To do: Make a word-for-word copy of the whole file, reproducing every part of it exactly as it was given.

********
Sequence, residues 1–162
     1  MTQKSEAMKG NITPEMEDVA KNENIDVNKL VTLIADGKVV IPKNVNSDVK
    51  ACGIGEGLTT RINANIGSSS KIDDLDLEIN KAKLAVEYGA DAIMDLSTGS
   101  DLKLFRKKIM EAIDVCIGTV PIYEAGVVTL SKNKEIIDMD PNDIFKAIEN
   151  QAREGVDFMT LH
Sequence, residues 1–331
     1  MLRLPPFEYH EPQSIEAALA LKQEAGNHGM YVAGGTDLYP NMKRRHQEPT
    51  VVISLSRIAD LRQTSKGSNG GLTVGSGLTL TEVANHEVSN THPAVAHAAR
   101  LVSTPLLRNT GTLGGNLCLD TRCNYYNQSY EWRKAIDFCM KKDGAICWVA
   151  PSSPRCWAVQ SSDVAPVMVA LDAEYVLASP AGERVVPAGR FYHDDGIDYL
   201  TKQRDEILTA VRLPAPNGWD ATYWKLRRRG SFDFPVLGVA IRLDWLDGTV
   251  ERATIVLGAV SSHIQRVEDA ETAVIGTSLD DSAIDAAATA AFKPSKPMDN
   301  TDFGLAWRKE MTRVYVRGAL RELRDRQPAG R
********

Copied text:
Sequence, residues 1–162
     1  MTQKSEAMKG NITPEMEDVA KNENIDVNKL VTLIADGKVV IPKNVNSDVK
    51  ACGIGEGLTT RINANIGSSS KIDDLDLEIN KAKLAVEYGA DAIMDLSTGS
   101  DLKLFRKKIM EAIDVCIGTV PIYEAGVVTL SKNKEIIDMD PNDIFKAIEN
   151  QAREGVDFMT LH
Sequence, residues 1–331
     1  MLRLPPFEYH EPQSIEAALA LKQEAGNHGM YVAGGTDLYP NMKRRHQEPT
    51  VVISLSRIAD LRQTSKGSNG GLTVGSGLTL TEVANHEVSN THPAVAHAAR
   101  LVSTPLLRNT GTLGGNLCLD TRCNYYNQSY EWRKAIDFCM KKDGAICWVA
   151  PSSPRCWAVQ SSDVAPVMVA LDAEYVLASP AGERVVPAGR FYHDDGIDYL
   201  TKQRDEILTA VRLPAPNGWD ATYWKLRRRG SFDFPVLGVA IRLDWLDGTV
   251  ERATIVLGAV SSHIQRVEDA ETAVIGTSLD DSAIDAAATA AFKPSKPMDN
   301  TDFGLAWRKE MTRVYVRGAL RELRDRQPAG R